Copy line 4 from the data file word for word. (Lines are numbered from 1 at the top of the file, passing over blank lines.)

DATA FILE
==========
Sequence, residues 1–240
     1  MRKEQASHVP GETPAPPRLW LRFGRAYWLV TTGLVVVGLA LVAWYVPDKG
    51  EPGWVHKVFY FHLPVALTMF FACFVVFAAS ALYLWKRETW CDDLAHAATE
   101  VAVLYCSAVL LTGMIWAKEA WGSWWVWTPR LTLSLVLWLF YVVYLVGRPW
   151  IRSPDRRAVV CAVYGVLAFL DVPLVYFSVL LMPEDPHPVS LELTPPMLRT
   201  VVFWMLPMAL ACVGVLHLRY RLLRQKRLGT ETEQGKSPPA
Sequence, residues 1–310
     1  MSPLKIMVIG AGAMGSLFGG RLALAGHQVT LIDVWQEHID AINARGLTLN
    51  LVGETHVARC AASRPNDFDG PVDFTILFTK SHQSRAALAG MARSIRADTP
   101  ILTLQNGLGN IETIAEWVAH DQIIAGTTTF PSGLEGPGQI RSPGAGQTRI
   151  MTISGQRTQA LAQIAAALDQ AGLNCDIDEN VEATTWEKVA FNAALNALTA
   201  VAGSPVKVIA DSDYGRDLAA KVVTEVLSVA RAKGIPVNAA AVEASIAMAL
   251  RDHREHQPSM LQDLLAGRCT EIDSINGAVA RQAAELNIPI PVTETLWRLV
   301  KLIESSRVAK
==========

   101  VAVLYCSAVL LTGMIWAKEA WGSWWVWTPR LTLSLVLWLF YVVYLVGRPW